Archives for category: Wine 101


Oz Clarke dishes the dirt — minerality? — about Riesling with Matt Kramer and Kevin Zraly. Feel the love.

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It should be obvious by this point that we have a major thang for Riesling. Don’t get us wrong, we love other selections too — Riesling just happens to be the wine of summer! To prove our appreciation, we want to share this fantastic white blend, which just so happens to have Riesling in it.

Bodegas Amalaya 2011 Torontes-Riesling (Calchaqui Valley, Argentina $10.95, 270470) is a well-priced Argentinian wine which offers a bouquet of floral, apricot and juicy apple notes with a hint of cinnamon. On the palate, the racy wine showcases mineral, lime and melon. Its lingering pear finish will make you crave strong cheeses or white fish.

So to sum up? We love our Rieslings sparkling, sweet, dry, with food or, even, in a blend.  We just can’t get enough.

First Impression: The taste of a fresh and fruity Riesling is less intimidating for many consumers.

Working at a tasting bar, you learn the tricks of the trade: What makes peoples mouth water. What heightens their experience. And, what makes them buy wine. I quickly discovered that the average customer is looking for wines that are easy to appreciate and understandable. They are not necessarily looking for complexity, but rather for characteristics they can identify.

Ontario Riesling is easy to enjoy because it is fresh, fruity and less intimidating than oaked Chardonnays or complex Pinot Noirs. Whenever someone told me they liked Riesling, I was delighted because it made my job easier. I didn’t have to worry about convincing customers that they liked the wine or confusing them with wine-speak. The wine always sold itself.

Having something people can relate to makes it more approachable — that’s a big part of Riesling’s charm. Not only is it honest and truthful, it’s relatable and easy to love. I mean, who can resist the refreshing characteristics of apples and peaches? Certainly not me. ANDREA FUJARCZUK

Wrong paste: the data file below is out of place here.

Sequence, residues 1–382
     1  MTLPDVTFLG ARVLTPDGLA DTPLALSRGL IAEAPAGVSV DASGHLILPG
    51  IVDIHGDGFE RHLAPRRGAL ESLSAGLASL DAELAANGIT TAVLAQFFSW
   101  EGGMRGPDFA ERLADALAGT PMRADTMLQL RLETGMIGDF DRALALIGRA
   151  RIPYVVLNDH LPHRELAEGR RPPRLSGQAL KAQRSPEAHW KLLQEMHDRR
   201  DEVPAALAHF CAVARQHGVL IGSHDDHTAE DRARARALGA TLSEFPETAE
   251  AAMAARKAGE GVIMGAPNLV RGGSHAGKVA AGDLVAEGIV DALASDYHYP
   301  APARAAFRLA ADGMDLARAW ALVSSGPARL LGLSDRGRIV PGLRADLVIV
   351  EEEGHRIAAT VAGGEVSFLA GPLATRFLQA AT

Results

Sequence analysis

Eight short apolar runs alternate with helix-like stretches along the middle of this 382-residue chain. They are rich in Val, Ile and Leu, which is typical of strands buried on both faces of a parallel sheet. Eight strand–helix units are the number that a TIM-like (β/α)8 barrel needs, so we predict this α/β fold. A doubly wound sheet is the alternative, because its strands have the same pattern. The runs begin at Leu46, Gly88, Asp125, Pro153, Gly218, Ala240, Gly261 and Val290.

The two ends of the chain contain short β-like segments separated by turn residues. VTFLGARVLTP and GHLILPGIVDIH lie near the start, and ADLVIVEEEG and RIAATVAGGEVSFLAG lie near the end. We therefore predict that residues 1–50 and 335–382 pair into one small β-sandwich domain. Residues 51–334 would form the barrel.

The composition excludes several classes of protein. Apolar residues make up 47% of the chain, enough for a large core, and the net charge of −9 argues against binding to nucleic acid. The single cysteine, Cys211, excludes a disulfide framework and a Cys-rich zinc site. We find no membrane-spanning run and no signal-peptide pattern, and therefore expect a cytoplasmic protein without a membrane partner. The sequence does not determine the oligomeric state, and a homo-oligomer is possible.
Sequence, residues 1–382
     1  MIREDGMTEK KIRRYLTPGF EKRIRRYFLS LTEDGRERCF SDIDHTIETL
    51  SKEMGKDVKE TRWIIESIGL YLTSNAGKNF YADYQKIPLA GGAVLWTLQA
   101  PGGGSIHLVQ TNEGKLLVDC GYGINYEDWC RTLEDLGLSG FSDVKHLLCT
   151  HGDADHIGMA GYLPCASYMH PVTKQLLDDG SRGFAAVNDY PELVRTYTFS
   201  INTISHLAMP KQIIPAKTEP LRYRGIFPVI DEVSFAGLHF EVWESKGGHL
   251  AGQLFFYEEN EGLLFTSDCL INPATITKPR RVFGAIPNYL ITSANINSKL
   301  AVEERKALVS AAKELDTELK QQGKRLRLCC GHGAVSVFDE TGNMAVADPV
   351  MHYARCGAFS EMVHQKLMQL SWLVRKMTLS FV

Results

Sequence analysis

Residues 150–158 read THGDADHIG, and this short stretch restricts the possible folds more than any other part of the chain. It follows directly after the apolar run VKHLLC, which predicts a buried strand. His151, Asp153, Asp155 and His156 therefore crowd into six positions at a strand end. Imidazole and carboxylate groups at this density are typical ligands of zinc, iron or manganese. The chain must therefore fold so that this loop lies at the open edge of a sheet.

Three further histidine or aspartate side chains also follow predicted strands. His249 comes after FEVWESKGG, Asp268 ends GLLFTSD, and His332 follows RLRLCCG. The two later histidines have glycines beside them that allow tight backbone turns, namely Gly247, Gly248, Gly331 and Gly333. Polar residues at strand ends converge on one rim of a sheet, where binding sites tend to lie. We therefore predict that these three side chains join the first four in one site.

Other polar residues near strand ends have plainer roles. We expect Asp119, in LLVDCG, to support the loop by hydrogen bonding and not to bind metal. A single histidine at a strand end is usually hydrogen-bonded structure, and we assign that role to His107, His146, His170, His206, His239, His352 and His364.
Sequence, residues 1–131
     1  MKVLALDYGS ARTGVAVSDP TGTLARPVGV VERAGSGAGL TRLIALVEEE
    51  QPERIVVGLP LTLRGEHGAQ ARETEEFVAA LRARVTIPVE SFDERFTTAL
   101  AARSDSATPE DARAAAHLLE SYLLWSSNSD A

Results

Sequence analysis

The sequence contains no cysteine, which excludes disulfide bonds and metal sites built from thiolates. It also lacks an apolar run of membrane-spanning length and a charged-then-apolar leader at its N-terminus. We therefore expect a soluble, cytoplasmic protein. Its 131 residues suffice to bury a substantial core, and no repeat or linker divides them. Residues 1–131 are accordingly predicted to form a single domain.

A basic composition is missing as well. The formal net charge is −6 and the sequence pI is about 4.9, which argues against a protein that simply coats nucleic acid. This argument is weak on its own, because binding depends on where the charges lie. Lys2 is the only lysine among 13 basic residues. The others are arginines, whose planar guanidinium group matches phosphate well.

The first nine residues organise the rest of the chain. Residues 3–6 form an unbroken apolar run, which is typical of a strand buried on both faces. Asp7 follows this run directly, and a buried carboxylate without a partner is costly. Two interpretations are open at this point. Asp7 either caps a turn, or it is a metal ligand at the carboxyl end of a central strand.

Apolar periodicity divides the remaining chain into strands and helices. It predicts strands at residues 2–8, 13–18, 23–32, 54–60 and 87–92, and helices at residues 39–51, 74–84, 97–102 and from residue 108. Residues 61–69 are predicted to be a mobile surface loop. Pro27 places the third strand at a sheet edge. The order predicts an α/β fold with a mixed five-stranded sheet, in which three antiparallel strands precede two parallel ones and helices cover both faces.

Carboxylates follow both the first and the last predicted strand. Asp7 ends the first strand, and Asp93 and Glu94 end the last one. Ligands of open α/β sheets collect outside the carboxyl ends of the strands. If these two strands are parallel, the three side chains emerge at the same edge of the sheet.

The Alsace region is known for its intricate white wines and because of its close proximity to Germany, it has strong German influences. They produce similar grapes and also label them by the varietal (which most of France does not do) but where Germany is known for its sweet Rieslings, Alsace typically adopts a much drier style.

Lucien Albrecht 2009 Cuveé Henri Albrecht Riesling (Alsace, 23.95, 281402) is a delicious dry white, which is a great representation of its picturesque border town. It is a well-integrated Riesling created with copious amounts of intriguing layered flavours.

Delicate aromas of pear, apple, spice and honey and flavours of melon, mineral notes, nuttiness and smoke come together in this complex wine. The long finish of nutmeg rounds out the racy Riesling. Offer this white to your red wine loving friends, it might be the bottle that has just enough substance to open their eyes to new options.

Angles Covered: Riesling vines are right at home on a slope in Mosel, Germany. Photo by Friedrich Petersdorff